House and Senate Introduce Toxic Exposure Research Act of 2015

On April 14, a day that dawned grey and rainy across the greater Washington, D.C., metro area, four members of Congress—two Republicans and two Democrats, one each from the House and Senate—introduced the Toxic Exposure Research Act of 2015. 

This bill—S.901 and H.R.1769—is bipartisan and bicameral. It is the culmination of cooperation between VVA and Sens. Jerry Moran (R-Kans.) and Dick Blumenthal (D-Conn.), and Reps. Dan Benishek (R-Mich.) and Mike Honda (D-Calif.)—and their energetic and committed staffs. 

This legislation will create a national center for research on the diagnosis and treatment of health conditions in the descendants of men and women exposed to toxic substances during their military service. It seeks to determine if there is any link between a veteran’s exposure and reported medical maladies in their progeny. Research will be overseen by a thirteen-member board of advisors, who will report to the Secretary of Veterans Affairs and Congress.

S.901 and H.R.1769 are supported by most of the key veterans service organizations, including the VFW and the American Legion. Both had representatives join VVA National President John Rowan during a press event in the Russell Senate Office Building. Iraq and Afghanistan Veterans of America and Veterans and Military Families for Progress also had representatives in attendance.

“It’s bad enough that veterans have had to bear the cross of exposure to toxic agents during our military service, ” Rowan said in a sentiment echoed by each of the elected officials in their pointed remarks. “It is worse to see our children and grandchildren afflicted with health conditions we suspect may have derived from our exposure, and to think we are the cause of their hurt and pain.

“Today, however, we see real light at the end of a long, grim tunnel. The members of VVA and our families cannot thank you enough, ” he told the legislators, for having introduced what might be “the most important piece of legislation veterans have seen since the passage of the Agent Orange Act of 1991.”

The American Legion’s Ed Lilley endorsed this legislation because “it is so important, and it’s huge.” The VFW’s Alex Morosky offered his organization’s strong support for the swift passage of the bill in Congress, saying that “toxic wounds should be treated just as seriously as the physical or mental wounds of war.”

“We raised our right hand and swore to uphold the Constitution of the United States, ” Rowan said, “but our children and our grandchildren didn’t raise their right hands, and too many of them may very well have been victimized by our service.”

“I never thought I’d see this day, ” said former VVA Agent Orange Committee Chair George Claxton. To this, Sen. Blumenthal, whom his colleague, Sen. Moran, dubbed the “godfather” of this legislation, replied, “It’s not about the burden of proof; it’s about the truth. This bill should have passionate bipartisan support.”

Now, with bill numbers in hand, it is time for each of us to reach out to our Members of Congress. Ask them not only to support this much-needed legislation but also to co-sponsor it. Tell them that the newest generation of veterans should not have to wait as long as we have to get the government to do the right thing for our offspring.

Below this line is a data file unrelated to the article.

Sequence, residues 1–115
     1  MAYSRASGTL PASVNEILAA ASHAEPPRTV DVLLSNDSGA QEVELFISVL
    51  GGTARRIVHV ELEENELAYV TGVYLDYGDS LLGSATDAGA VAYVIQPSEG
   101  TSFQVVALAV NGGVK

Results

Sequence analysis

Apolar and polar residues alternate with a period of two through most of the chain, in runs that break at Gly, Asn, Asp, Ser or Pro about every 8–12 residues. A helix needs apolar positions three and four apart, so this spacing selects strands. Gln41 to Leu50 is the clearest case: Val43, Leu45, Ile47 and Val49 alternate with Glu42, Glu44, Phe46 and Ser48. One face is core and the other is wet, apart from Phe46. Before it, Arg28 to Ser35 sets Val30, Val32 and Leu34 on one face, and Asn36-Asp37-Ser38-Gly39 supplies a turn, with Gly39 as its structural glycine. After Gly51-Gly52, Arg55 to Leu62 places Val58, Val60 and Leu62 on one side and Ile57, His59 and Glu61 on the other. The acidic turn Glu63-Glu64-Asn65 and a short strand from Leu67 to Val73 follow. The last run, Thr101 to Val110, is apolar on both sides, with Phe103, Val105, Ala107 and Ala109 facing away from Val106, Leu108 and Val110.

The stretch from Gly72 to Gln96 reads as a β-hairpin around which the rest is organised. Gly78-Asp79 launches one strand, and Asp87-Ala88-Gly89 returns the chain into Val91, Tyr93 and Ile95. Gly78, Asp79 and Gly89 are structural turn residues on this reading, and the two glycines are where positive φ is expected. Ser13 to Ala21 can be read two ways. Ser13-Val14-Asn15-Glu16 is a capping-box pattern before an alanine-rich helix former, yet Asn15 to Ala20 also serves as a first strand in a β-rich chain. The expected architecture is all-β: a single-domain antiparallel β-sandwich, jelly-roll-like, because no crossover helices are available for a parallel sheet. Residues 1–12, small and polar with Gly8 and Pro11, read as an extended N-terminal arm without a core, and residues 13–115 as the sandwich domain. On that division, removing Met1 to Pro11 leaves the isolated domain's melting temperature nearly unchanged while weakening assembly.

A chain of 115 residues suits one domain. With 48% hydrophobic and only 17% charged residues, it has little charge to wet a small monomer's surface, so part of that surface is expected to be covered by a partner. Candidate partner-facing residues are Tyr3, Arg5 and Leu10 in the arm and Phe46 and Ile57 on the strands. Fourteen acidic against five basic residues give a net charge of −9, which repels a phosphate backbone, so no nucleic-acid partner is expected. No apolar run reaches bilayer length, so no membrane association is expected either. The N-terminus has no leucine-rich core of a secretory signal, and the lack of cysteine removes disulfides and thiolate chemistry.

21 TO 5? 

Two decades ago, when the Department of Veterans Affairs transformed itself to meet the increasing needs of the veterans it serves, Veterans Integrated Service Networks (VISNs) were born. And a whole new layer of bureaucracy that was supposed to oversee improved service delivery and accountability was created, inserting this layer of bureaucrats between the VA’s central office in Washington, D.C., and VA medical centers across the country.

That layer of bureaucracy hasn’t exactly garnered plaudits for speeding up service delivery or increasing accountability. But it did provide employment for hundreds of mid-level and senior service employees.

Now, in the latest attempt to improve efficiencies in a federal department that some in Congress believe is out of control, VA Secretary Bob McDonald has determined that twenty-one layers are too much, too ineffective, and too bureaucratic. The plan now is to reduce this to five new regions.

This new order will have no line authority, rendering it little more than a paper tiger. Nor will the VISNs go away. They will remain; for how long is anyone’s guess.

Why only five regions?  Why not ten, which would conform to already existing federal boundaries? When asked about this by VVA’s executive director for policy and government affairs, no one could offer an adequate answer.

Whether or not this is a good idea and a viable tool for transparency and improved service delivery and accountability remains to be seen. However, we remain skeptical. Without line authority, just what will this newly wrought layer of bureaucracy accomplish?

The VA ought to have shared its collective thinking with the VSOs and received input from us before embarking on this plan. Unlike contractors, we don’t cost much, and we often bring salient, viable ideas and concepts to the table.

At the end of 2014, there were some 150 VA medical centers, along with more than 800 community-based outpatient clinics. In a stunningly incomprehensible example of VA new math, in March a VA document surfaced noting that the department is now blessed with 167 medical centers. None of us could quite figure out how this came to pass.